# The Bonfire of the Vanities Summary and Analysis of Chapter 20 - "Calls from Above" and Chapter 21 - "The Fabulous Koala"

### Summary

Sherman, once the golden boy of Pierce & Pierce, has been summoned to his boss's office. Gene Lopwitz, who Sherman considers to be a vulgar man, is a Jewish-American Anglophile. His passion for all things British led him to construct a working fireplace on the fiftieth floor of a modern office tower on Wall Street. This enormous undertaking has given Lopwitz insects bites on a sensitive part of his anatomy: they hitched a ride on some logs and attacked the head of the firm.

Just as the meeting begins, an obese opera singer, Bobby Shafflett, calls Gene, who has lent the star-of-the-moment (who knows from the Bavardages' party) his private jet. Sherman waits while Gene schmoozes. Finally, Gene hangs up and berates Sherman for his poor work performance. Sherman, again feeling the same need for confession that he felt in Freddy Button's office, holds back because of Lopwitz's reputation as a shameless gossip.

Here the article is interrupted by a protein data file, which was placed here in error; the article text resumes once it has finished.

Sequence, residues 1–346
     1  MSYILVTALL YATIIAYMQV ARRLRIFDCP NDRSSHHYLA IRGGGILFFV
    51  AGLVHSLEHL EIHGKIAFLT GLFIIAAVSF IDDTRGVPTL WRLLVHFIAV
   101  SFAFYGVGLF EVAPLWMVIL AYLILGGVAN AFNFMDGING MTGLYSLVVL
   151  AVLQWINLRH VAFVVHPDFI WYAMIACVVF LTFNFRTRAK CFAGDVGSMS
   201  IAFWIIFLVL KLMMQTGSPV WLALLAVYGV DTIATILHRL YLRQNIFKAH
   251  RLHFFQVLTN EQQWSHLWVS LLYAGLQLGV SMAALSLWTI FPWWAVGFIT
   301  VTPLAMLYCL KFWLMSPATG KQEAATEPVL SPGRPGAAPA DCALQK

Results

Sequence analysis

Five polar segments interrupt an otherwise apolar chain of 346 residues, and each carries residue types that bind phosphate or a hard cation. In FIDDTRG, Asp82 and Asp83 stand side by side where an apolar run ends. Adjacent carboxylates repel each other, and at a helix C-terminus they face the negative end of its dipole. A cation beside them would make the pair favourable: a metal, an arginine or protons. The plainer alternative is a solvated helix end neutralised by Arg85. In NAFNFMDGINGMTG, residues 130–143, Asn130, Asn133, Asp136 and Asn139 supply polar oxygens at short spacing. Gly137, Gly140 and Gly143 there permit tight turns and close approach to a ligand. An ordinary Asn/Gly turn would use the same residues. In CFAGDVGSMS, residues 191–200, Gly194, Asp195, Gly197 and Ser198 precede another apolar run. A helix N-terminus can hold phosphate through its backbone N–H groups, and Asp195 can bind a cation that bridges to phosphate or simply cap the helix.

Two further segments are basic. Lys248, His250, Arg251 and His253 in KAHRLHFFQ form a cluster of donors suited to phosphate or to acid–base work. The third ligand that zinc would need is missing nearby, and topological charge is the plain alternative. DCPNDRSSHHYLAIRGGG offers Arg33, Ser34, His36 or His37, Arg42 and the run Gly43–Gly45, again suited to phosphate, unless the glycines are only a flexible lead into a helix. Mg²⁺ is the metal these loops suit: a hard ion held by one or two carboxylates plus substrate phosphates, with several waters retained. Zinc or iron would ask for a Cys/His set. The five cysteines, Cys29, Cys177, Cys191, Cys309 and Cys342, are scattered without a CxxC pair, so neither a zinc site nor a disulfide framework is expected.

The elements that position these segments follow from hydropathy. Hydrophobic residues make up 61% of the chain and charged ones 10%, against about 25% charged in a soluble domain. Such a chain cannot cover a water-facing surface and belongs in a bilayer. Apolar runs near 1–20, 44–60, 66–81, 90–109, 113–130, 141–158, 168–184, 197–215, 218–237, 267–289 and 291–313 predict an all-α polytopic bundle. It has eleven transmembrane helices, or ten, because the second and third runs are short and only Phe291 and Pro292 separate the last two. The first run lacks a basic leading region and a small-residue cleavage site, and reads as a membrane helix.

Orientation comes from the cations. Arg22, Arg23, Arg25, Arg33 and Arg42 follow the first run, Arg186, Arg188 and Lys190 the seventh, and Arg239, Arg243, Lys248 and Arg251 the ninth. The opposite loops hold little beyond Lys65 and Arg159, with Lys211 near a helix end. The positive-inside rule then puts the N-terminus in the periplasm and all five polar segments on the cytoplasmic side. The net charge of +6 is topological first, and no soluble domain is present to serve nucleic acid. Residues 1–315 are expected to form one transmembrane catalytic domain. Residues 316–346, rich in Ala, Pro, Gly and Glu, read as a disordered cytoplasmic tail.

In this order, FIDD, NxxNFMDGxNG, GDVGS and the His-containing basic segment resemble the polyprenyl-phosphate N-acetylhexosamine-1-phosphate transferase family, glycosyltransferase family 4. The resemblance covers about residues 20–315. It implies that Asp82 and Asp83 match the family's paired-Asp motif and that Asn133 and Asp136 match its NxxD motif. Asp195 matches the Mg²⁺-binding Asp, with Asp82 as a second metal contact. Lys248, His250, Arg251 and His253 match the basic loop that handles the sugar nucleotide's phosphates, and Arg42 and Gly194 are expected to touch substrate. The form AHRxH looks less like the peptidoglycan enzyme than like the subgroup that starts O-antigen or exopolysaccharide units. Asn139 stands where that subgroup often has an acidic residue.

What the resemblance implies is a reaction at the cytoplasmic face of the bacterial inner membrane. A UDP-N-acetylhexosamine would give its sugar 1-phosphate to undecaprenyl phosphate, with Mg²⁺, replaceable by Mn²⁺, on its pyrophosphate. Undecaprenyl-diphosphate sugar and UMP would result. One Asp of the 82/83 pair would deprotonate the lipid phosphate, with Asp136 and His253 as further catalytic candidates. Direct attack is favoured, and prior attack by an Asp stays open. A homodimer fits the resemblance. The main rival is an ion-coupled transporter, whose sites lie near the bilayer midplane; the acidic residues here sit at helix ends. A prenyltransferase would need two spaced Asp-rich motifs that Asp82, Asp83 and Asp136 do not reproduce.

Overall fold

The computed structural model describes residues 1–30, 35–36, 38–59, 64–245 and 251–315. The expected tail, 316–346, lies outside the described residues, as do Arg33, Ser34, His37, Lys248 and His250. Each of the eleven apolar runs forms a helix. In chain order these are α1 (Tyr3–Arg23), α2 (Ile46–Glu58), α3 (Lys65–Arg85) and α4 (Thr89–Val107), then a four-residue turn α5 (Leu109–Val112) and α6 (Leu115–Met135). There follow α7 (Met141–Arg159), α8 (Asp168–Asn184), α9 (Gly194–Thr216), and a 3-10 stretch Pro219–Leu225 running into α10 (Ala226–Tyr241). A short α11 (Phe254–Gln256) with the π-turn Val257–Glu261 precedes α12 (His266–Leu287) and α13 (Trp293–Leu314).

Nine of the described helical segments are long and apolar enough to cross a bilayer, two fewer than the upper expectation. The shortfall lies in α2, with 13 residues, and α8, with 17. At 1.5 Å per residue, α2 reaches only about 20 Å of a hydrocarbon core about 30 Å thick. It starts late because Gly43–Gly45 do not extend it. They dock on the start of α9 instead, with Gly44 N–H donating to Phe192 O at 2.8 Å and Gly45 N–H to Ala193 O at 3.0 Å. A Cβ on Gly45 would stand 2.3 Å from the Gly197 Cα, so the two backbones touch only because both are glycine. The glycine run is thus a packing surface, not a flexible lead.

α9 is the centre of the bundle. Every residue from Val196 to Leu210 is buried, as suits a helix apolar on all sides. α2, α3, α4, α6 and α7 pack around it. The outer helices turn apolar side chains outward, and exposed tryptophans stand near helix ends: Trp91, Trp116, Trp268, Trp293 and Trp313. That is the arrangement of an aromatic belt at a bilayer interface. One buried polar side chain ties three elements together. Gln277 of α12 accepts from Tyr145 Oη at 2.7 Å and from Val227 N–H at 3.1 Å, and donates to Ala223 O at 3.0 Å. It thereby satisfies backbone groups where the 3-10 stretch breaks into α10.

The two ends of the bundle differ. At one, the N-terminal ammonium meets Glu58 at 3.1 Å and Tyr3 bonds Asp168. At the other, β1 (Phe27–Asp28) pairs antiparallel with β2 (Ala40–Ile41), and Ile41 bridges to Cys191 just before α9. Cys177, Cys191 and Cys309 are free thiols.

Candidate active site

Tommy Killian has been frantic to get in contact with Sherman, and while in the meeting with Lopwitz Sherman receives word of Killian on the phone. Sherman walks out of Lopwitz' office to take the call, a disrespectful act that does not bode well at all. On the phone, Killian informs Sherman that he will be arrested the following morning. He tells his client that the arrest will go smoothly, which hardly reassures Sherman, who agrees to meet Killian that afternoon.

Sherman returns to Lopwitz's office and explains the matter. Gene has no sympathy for Sherman and informs him that Sherman must go on a leave of absence immediately. Sherman tries to calculate whether he and his family will be able to survive on the money he has saved. He dreads having to come clean about the situation, especially to his daughter, Campbell.

In Chapter 21, Sherman withdraws $10,000 cash from his bank that, which he will need for bail money. The Bank Secrecy Act requires that banks report cash transactions which exceed$10,000. Sherman feels the extent of his trouble, his imminent fall from grace, and the beginning of his financial straits.